We believe that humanitarian and development actors can truly put people at the centre of their action through correct data processes and context-sensitive analysis, involving displaced and displacement-affected populations. To reinforce this message, we were invited to join forces with IDMC and UNHCR to organise a panel on country-based efforts to strengthen the evidence base on IDPs, with a focus on the essential role of national NGOs in acquiring thismuch-needed evidence.
Collaboration with local and national NGOs is at the very core of our collective efforts to prevent and resolve displacement and protect IDPs. The aim of the UNHCR Annual Consultations with NGOs is exactly to provide an opportunity for organisations to meet in person, share experiences, reinforce their commitment and plan ahead. Including a session focusing specifically on data in this context, was therefore relevant and well-received.
Moderated by Dr. Angela Cotroneo, Adviser on Internal Displacement at ICRC, JIPS’s co-organised panel offered the chance to highlight best practices from national NGOs, map the key gaps and challenges they face, and explore ways for UNHCR and the broader humanitarian sector to better engage with NGOs to strengthen the evidence base on internal displacement. Based on her work on urban displacement, Dr. Cotroneo, opened the session by highlighting the value of data for questioning common assumptions about internal displacement in out of camp situations.
Reliable data and analysis are central to the development of effective laws, policies, programs and advocacy that comprehensively address internal displacement, and the 20th anniversary of the Guiding Principles on Internal Displacement provides us with a great opportunity to mobilise action to reduce and resolve internal displacement. In many cases, however, UNHCR and other international organisations simply cannot get the data they need without effective partnership and coordination with NGOs.
To this end, it is crucial to work closely with local and national NGOs and build-off their strong engagement with displaced populations and host communities, and benefit from their invaluable understanding of the social, cultural and political dynamics of local contexts. During the discussion, valuable insights were shared by representatives of three organisations working on this field: Noah Bullock, Executive Director of Cristosal (El Salvador), Iryna Aleksieieva, Project Manager at Right to Protection (Ukraine), and Oscar Paz, Urban Programming Coordinator at World Vision, Honduras.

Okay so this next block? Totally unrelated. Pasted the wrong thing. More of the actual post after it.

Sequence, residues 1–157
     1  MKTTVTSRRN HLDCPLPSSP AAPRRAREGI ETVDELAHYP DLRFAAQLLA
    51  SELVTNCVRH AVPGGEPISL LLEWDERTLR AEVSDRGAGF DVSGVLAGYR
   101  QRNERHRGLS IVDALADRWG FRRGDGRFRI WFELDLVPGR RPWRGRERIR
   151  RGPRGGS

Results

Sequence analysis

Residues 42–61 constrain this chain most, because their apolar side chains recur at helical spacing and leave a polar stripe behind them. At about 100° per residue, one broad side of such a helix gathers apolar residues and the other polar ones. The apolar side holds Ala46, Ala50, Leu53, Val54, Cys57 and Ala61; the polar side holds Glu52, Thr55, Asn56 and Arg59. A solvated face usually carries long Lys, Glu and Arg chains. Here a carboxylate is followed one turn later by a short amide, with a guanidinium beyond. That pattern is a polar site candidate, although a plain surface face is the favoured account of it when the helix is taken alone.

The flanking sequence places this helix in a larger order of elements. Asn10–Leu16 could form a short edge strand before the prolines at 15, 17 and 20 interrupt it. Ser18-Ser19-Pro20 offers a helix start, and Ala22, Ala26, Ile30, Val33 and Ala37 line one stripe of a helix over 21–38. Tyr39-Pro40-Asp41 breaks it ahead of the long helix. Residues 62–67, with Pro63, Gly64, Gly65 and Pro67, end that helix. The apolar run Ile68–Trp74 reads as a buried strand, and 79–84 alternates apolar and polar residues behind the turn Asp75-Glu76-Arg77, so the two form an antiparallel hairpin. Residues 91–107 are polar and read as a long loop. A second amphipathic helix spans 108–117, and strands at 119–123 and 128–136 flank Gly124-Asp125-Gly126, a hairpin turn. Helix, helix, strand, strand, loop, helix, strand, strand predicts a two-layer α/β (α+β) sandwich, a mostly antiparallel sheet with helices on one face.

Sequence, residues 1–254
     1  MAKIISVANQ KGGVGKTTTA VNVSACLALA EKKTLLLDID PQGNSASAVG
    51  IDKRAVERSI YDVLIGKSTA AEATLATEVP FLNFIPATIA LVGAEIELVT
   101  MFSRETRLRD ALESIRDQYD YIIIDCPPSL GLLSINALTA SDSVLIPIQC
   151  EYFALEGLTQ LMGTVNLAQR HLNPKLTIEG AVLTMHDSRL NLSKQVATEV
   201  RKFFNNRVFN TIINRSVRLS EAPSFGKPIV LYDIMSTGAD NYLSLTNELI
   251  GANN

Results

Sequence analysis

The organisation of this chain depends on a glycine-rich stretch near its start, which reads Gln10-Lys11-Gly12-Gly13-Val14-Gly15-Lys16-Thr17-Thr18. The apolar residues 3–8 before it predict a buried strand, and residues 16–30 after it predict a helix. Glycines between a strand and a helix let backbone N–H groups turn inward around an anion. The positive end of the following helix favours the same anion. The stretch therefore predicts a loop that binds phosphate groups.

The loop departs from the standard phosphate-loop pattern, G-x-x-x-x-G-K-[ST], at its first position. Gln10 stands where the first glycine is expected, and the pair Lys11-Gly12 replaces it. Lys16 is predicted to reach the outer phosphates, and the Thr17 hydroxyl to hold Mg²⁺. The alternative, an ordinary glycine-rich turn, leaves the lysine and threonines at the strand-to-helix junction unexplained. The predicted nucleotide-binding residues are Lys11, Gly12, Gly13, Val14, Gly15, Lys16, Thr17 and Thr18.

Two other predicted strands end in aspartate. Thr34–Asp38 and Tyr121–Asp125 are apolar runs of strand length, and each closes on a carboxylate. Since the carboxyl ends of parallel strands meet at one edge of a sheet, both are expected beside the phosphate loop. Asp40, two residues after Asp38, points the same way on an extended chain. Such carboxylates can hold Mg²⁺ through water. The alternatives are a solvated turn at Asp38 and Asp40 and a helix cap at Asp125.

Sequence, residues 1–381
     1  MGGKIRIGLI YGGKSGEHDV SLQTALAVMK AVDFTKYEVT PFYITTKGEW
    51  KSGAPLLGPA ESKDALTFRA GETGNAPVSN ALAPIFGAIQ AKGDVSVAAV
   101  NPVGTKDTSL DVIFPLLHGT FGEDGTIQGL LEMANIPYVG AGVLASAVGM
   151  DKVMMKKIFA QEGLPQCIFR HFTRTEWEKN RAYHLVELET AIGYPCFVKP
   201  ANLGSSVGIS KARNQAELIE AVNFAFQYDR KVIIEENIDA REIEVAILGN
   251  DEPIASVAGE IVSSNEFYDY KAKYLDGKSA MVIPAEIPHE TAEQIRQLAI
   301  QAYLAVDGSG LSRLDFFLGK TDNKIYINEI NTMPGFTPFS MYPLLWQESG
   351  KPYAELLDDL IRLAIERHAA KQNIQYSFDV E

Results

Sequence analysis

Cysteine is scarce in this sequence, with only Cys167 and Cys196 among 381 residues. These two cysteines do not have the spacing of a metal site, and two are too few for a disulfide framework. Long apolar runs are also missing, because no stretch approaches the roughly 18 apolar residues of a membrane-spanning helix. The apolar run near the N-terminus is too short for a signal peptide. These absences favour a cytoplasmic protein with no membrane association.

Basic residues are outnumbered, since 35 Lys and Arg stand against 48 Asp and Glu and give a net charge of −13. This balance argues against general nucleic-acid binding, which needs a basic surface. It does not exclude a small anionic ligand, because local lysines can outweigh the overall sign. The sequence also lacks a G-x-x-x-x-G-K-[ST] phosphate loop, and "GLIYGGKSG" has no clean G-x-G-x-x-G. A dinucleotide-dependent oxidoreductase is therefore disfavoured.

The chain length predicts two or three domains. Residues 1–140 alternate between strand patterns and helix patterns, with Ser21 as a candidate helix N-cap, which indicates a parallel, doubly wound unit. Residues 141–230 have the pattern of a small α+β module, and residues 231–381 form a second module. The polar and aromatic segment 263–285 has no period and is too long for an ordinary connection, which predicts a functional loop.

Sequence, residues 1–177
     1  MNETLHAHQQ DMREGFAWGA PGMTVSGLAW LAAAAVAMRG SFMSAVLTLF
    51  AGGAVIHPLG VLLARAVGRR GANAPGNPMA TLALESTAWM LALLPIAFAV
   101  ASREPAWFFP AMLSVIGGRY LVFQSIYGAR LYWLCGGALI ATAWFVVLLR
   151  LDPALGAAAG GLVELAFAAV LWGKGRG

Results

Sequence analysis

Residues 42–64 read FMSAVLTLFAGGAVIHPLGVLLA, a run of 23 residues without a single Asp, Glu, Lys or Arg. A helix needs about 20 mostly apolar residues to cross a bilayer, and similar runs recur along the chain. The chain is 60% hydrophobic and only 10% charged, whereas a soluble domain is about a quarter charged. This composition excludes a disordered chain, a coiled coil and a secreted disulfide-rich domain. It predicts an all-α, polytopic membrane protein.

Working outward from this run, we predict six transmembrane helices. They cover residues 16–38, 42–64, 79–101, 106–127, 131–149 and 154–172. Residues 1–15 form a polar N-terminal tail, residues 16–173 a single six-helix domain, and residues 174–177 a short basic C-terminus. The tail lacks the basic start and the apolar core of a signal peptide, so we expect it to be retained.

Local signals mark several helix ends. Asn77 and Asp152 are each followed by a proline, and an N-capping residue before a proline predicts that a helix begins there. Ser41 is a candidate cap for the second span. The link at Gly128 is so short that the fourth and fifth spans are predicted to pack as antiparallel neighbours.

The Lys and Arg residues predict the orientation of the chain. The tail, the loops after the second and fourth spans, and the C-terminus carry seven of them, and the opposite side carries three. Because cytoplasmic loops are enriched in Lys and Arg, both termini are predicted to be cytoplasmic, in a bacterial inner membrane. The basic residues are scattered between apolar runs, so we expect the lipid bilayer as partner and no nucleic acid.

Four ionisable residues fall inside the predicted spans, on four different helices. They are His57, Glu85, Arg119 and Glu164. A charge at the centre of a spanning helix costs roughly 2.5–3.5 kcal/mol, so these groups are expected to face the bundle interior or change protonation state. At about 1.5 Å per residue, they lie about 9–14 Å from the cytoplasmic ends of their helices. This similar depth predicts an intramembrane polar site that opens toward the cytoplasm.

Although working in very different contexts, each intervention demonstrated clear lessons from managing data processes in insecure contexts on sensitive topics. They also highlighted important messages concerning capacity and resource limitation, the value of qualitative data and analysis for advocacy purposes, and the impact of a strong reputation as a credible NGO for forging the appropriate partnerships with both institutions and communities.
Reliable data help shape effective advocacy activities and inform better interventions to protect IDPs and displacement-affected populations, putting their needs and preferences at the forefront of our action. Putting people first, however, does not only mean involving these groups in just any data collection and analysis processes, but also making sure that these processes are linked to a theory of change. Governments, humanitarian and development actors that collect data to address internal displacement have an obligation to link the questions they ask to concrete actions and responses; ultimately, this means avoiding “collecting data for the sake of data” and helps to ensure the data are linked to specified, collective outcomes.
As clearly expressed by the panellists, if we don’t use the data we collect to implement actions that concretely address the problem and help reach solutions, people will end up losing trust in the process and thus the incentive to participate. This is particularly true in sensitive contexts, where affected populations involved in data collection and analysis processes might have well-founded safety concerns and fears of retaliation.
Linked to this, Noah Bullock of Cristosal, shared information about a pilot project currently underway to support communities with analytical tools to measure their own progress towards solutions. This work has been inspired by and based on the Durable Solutions Indicator Library & Analysis Guide. We hope to be in contact with Noah and his colleagues later this year to find out more.
Without reliable data the relevance and quality of our interventions to prevent, protect and resolve internal displacement would be severely hampered. The role of national NGOs in acquiring the necessary data is unquestionable especially in contexts where access to displaced and displacement-affected communities can be limited and safety concerns particularly serious. Involving local and national NGOs is not only an operational advantage, but indeed a necessary requirement.
 Stay tuned for further details on specific country experiences.